59. 59. Cont.. • Scan Converter- converts from the format of the scanning ultrasound beam into a digital image matrix format for processing and display. • Image Processor- The digital image is processed to produce the desired characteristics for display. This includes giving it specific contrast characteristics and reformatting the image if necessary • Display –monitor
  60. 60. IMAGE Formation • By measuring the time between when the sound was sent and received, the amplitude of the sound and the pitch of the sound, a computer can produce images, calculate depths and calculate speeds. • The strength or amplitude (brightness) of each reflected wave is represented by a dot. • The position of the dot represents the depth from which the returning echo was received. • These dots are combined to form an image.
  61. 61. Cont.. • Modern transducers use multiple small elements to generate the ultrasound wave. • If multiple small elements fire simultaneously however the individual curved wave fronts combine to form a linear wave front moving perpendicularly away from the transducer face. • This system, that is multiple small elements fired individually, is termed phased array
  62. 62. Cont…
  63. 63. Image Display • Once the diagnostic information has been acquired and electronically processed, it has to be displayed for viewing and recording. • Different methods are used to display the information acquired in modes (A-mode, B- mode, M-mode, Real-Time mode and Doppler mode).
  64. 64. Defining modes • A-mode- the original display mode of U/S measurements, in which the amplitude of the returned echoes along a single line is displayed on an oscilloscope. • B-mode (2D)- the current display mode of choice. This is produced by sweeping the transducer from side to side and displaying the strength of the returned echoes as bright sports in their geometrically correct direction and distance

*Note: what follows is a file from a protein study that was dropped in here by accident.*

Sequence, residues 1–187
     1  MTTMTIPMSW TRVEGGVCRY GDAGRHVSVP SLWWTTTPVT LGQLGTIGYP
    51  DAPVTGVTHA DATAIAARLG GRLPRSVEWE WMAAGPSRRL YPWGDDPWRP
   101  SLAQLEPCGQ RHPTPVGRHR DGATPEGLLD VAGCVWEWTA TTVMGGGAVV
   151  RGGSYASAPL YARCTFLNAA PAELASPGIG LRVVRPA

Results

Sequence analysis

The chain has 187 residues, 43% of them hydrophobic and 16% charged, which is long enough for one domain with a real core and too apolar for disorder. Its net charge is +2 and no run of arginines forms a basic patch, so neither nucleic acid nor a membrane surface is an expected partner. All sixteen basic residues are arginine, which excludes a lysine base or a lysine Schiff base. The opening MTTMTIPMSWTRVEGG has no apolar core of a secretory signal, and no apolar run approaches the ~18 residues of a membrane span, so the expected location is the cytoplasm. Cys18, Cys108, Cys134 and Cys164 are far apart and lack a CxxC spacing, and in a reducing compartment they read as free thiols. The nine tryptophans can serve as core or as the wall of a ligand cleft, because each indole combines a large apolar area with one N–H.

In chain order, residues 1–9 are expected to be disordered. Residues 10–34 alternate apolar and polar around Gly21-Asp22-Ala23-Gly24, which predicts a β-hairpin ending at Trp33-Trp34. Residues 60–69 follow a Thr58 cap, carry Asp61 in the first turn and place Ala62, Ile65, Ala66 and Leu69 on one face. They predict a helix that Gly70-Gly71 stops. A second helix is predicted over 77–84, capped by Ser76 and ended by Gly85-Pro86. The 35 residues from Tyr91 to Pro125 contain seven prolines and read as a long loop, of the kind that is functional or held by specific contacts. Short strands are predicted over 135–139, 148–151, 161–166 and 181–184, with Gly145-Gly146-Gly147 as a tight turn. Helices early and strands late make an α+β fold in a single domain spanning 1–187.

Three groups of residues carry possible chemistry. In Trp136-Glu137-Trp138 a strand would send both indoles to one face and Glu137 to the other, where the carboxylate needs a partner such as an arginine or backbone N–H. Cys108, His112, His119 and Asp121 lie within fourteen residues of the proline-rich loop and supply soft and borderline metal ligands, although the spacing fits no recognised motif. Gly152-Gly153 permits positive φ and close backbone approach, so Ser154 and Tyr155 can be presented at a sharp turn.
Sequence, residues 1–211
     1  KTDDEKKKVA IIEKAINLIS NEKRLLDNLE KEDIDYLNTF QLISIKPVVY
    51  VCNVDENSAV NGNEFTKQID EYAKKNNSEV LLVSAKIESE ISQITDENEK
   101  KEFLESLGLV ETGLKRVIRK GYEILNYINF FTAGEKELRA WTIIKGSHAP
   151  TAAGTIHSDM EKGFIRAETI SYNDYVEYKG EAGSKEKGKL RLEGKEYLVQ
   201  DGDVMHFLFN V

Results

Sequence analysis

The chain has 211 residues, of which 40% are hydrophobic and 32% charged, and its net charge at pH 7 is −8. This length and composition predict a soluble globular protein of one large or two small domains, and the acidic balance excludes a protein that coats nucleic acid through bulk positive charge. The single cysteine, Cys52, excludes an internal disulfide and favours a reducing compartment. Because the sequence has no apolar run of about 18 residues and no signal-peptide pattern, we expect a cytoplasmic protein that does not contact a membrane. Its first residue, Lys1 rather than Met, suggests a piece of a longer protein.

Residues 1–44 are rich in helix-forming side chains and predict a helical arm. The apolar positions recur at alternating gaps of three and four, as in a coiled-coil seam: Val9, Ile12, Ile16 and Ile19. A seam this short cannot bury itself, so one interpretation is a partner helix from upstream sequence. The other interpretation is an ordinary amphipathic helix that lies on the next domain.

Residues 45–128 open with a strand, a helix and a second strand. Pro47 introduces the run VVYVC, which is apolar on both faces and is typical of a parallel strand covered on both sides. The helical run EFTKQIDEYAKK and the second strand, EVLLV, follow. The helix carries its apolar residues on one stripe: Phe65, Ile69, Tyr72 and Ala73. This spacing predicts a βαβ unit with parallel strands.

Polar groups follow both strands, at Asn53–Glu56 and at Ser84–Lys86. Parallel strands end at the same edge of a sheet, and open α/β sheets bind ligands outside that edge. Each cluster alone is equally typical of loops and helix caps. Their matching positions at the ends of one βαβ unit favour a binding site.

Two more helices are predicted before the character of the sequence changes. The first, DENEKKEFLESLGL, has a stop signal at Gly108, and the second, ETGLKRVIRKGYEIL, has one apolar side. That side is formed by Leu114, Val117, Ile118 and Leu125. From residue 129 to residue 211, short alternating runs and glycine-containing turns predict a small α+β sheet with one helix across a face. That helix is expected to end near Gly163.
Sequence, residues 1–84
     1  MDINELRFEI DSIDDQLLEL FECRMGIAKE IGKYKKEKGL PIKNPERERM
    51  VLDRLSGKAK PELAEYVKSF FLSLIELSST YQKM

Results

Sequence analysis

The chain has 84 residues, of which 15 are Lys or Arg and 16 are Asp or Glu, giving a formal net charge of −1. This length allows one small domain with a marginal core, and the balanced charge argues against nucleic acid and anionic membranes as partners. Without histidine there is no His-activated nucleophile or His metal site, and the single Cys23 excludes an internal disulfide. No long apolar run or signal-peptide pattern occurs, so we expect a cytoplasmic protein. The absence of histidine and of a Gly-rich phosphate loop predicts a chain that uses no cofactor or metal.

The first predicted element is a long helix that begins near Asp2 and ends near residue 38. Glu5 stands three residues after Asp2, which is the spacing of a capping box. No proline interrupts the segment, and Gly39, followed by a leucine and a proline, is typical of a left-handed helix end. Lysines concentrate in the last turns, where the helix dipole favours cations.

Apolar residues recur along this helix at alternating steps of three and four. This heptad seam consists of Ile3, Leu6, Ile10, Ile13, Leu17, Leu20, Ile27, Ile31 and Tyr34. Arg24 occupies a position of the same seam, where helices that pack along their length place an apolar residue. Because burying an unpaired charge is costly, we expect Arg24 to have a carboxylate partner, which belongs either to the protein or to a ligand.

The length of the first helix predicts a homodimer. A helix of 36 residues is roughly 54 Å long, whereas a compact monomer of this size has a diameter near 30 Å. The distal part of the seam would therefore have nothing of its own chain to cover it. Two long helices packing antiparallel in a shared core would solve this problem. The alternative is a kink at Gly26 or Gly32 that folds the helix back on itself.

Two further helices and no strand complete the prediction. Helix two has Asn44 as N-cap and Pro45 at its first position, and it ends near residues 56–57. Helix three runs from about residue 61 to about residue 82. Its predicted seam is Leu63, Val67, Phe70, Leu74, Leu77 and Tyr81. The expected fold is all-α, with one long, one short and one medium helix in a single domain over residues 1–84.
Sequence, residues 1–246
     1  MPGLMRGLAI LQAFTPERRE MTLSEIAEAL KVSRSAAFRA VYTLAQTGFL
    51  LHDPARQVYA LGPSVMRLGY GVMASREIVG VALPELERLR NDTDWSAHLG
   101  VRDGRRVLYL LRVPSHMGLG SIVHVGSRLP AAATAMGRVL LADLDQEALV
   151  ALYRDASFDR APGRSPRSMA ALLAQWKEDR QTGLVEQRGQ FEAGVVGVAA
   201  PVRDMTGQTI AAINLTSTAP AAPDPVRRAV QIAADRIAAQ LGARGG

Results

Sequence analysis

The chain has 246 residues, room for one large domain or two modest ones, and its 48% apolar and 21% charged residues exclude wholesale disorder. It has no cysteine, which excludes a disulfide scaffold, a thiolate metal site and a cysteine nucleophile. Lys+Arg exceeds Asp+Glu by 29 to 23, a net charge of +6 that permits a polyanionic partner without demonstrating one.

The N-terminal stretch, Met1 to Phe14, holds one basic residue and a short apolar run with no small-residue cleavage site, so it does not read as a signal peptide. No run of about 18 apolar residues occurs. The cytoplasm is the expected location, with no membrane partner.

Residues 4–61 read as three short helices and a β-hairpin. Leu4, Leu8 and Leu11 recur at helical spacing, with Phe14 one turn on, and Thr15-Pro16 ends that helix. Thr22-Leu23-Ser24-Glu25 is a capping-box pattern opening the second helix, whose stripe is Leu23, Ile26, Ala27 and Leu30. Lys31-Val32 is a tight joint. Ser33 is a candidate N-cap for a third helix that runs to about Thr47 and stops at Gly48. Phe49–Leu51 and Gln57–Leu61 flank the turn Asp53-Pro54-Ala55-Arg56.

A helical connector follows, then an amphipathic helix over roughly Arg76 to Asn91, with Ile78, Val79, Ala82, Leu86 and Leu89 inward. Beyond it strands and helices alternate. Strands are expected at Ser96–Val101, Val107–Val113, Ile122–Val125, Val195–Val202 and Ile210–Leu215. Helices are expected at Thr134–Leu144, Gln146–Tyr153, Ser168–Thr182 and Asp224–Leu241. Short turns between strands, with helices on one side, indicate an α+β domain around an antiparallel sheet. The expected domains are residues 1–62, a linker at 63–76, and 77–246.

65. 65. Cont… • M-mode- followed A mode by recording the strength of the echoes as dark spots on moving light sensitive paper. Object that move, such as the heart cause standard patters of motion to be displayed. • And a lot of diagnostic information such as valve closures rates, whether valves opened and closed completely and wall thickness could be obtained from this mode.
  66. 66. Doppler mode • This mode makes use of the Doppler effect in measuring and visualizing blood flow • Color Doppler: Velocity information is presented as a color-coded overlay on top of a B-mode image • Continuous Doppler: Doppler information is sampled along a line through the body, and all velocities detected at each time point are presented (on a time line)
  67. 67. Cont… • Pulsed wave (PW) Doppler: Doppler information is sampled from only a small sample volume (defined in 2D image), and presented on a timeline • Duplex: a common name for the simultaneous presentation of 2D and (usually) PW Doppler information. (Using modern ultrasound machines, color Doppler is almost always also used; hence the alternative name Triplex.)
  68. 68. Artefacts • Artifacts are errors in images. • They are normally caused by physical processes that affect the ultrasound beam and that in some way alter the basic assumptions the operator makes about the beam